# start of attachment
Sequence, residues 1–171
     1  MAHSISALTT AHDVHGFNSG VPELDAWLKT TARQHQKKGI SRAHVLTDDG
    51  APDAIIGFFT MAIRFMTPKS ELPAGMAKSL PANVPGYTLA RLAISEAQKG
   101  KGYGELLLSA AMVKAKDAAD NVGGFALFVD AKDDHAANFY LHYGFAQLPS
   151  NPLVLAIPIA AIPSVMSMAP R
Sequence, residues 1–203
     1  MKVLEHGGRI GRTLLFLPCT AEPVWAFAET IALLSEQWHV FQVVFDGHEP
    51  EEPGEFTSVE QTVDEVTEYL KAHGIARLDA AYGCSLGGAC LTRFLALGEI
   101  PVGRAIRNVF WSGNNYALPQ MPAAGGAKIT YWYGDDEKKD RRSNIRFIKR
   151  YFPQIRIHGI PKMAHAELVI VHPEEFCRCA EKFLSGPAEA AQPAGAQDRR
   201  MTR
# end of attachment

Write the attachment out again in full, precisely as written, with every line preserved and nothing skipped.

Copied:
Sequence, residues 1–171
     1  MAHSISALTT AHDVHGFNSG VPELDAWLKT TARQHQKKGI SRAHVLTDDG
    51  APDAIIGFFT MAIRFMTPKS ELPAGMAKSL PANVPGYTLA RLAISEAQKG
   101  KGYGELLLSA AMVKAKDAAD NVGGFALFVD AKDDHAANFY LHYGFAQLPS
   151  NPLVLAIPIA AIPSVMSMAP R
Sequence, residues 1–203
     1  MKVLEHGGRI GRTLLFLPCT AEPVWAFAET IALLSEQWHV FQVVFDGHEP
    51  EEPGEFTSVE QTVDEVTEYL KAHGIARLDA AYGCSLGGAC LTRFLALGEI
   101  PVGRAIRNVF WSGNNYALPQ MPAAGGAKIT YWYGDDEKKD RRSNIRFIKR
   151  YFPQIRIHGI PKMAHAELVI VHPEEFCRCA EKFLSGPAEA AQPAGAQDRR
   201  MTR